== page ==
Complications of Removing Essure
Sometimes a regular Essure reversal is not possible because the fallopian tubes and uterus may be too damaged. Surgeons then opt to do a complete hysterectomy.
The long-term effects of hysterectomies can affect a woman’s quality of life. For instance, removing the uterus can lead to incontinence, bowel dysfunction, pelvic organ prolapse, sexual problems and the formation of scar tissue in the pelvic organs. Some women receive transvaginal mesh to treat incontinence and prolapse, but the implant may also cause its own complications, like organ perforation and severe pelvic pain.
One technique doctors use to perform hysterectomies is called power morcellation. Surgeons use power morcellators, electric, drill-like devices, to chop up the uterus into smaller pieces and remove it from the pelvic cavity. The danger in this technique is the spread of undiagnosed uterine cancer in the abdomen and pelvic area. So, in addition to issues with Essure, it is possible women may face other health problems related to Essure removal.
Essure Side Effects
Not all women have a complication-free experience with Essure. In the case of Essure, the manufacturers reported a list of side effects, and women later reported additional side effects they experienced.
In addition to the list of adverse reactions reported by the manufacturers, some women reported autoimmune problems, migraines, hair loss and perforation of the fallopian tubes or other organs.
Side Effects Reported in Premarketing Studies
There are several reported side effects related to Essure. According to Conceptus’ premarket application, the majority of women experienced “mild to moderate pain” and spotting for about three days after the procedure.
Initial premarketing studies list the most common adverse events, including:
Cramping - 20%
Vomiting - 8%
Dizziness - 5%
Device expulsion - 2.2%
Perforation - 1.5%
Fainting - 1%
Device migration - 0.6%
Hypervolemia - 0.2%
Side effects in the first year of premarketing Essure use include:
- Abdominal cramps
- Back pain
- Arm and leg pain
- Severe cramps
- Abdominal pain
- Vaginal discharge and infection
- Heavier periods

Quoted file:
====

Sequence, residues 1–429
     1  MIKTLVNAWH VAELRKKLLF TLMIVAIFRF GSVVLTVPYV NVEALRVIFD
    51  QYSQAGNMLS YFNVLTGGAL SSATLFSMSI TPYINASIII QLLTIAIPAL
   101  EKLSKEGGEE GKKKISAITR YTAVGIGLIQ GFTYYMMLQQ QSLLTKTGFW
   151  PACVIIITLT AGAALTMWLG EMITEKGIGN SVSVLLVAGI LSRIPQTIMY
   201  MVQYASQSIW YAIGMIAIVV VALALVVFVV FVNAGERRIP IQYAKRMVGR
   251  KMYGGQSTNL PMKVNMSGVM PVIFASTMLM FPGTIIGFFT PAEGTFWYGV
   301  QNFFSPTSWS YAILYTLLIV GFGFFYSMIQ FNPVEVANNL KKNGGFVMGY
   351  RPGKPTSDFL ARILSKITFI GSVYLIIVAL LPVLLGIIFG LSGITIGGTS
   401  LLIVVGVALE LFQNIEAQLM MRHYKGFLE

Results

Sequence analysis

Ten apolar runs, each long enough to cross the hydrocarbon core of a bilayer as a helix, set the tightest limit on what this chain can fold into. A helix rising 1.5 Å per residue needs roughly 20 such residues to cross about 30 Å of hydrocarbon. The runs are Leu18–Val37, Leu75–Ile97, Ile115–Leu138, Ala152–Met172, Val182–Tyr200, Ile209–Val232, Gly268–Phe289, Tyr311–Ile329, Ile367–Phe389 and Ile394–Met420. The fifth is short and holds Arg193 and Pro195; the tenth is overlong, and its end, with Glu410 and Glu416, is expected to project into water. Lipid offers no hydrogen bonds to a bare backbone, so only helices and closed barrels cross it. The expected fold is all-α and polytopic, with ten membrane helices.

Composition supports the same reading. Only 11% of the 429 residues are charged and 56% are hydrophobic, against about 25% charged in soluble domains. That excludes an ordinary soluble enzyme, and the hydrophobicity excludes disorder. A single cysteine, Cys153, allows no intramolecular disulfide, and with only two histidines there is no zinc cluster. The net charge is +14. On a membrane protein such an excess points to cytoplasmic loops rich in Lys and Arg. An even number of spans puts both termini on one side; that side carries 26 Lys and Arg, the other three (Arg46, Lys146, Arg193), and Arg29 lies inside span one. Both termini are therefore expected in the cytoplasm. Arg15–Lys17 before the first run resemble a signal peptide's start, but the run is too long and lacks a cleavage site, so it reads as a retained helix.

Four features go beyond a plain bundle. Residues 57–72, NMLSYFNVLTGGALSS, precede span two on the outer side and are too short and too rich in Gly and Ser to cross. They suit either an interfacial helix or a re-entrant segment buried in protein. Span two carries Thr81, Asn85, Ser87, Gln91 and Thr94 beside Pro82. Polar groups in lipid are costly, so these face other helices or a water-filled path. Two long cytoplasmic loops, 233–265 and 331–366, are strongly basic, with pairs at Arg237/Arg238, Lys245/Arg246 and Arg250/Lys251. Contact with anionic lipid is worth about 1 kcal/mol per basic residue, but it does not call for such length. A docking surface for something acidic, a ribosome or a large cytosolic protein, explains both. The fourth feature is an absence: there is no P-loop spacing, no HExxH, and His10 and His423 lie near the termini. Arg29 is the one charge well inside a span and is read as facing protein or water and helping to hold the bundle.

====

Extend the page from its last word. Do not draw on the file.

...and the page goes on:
- Abnormal bleeding
- Painful intercourse
More Adverse Events Reported to the FDA
While the manufacturer reported relatively mild side effects initially, the FDA conducted a search of the Manufacturer and User Facility Device Experience database, also known as MAUDE. From November 2002 to May 2015, the agency received 5,093 reports about Essure. Most of the reports were voluntary and came from women experiencing problems.
Prior to the FDA panel review of the device in September 2015, the agency said it found 20,000 complaints from women who shared stories on Facebooks and Twitter, ABC News reported. In addition, the FDA also saw a “dramatic increase” in reported adverse events. In some cases, women may require removal of the inserts.
The Adverse Events Reported to FDA Include:
- 1Abdominal pain - 3,353
- 2Heavy periods - 1,408
- 3Headache - 1,383
- 4Fatigue - 966
- 5Weight fluctuations - 936
- 6Device incompatibility- 941
- 7Device migration - 482
- 8Device operating unexpectedly - 301
- 9Device breakage - 259
- 10Malposition of device - 133
FDA Black Box Warning and Recommendations
After finding thousands of adverse event reports, the FDA called a panel hearing on Sep. 24, 2015. During the meeting, the FDA noted more studies, and it ordered Bayer to conduct postmarket surveillance studies about Essure’s benefits and risks.
The agency did not ban the device, as some women advocated, but it did issue recommendations.
The agency advised that:
- Patients should be carefully selected and should sign a patient checklist acknowledging they understand complications.
- Women with a hypersensitivity to nickel should not use Essure.
- Women with autoimmune disorders, chronic pelvic pain or prior uterine surgery should not use Essure.
- Doctors should counsel patients on risks.
- More training is needed for physicians.
The agency also recommended a black box warning — its most serious warning — for adverse events.
Who Should Not Use Essure?
Because Essure is a permanent form of birth control, women who are unsure about wanting more children should not use it.
Essure is not recommended for use in women who:
- Have previously had their tubes tied, had an abortion, just delivered a baby, or have active or recent infections six weeks prior to a scheduled Essure insertion.
- Are undergoing chemotherapy or other immunosuppressive therapies. There is a risk of insufficient tissue growth around the coils.
- Cannot have both inserts implanted because of possible complications.
Clinical Studies and Controversy
Researchers conducted premarket studies on 643 female participants, and there were no reported pregnancies. Bayer maintains that Essure is 99.83 percent effective, although the safety and effectiveness of the device was not tested on women younger than 21 or older than 45.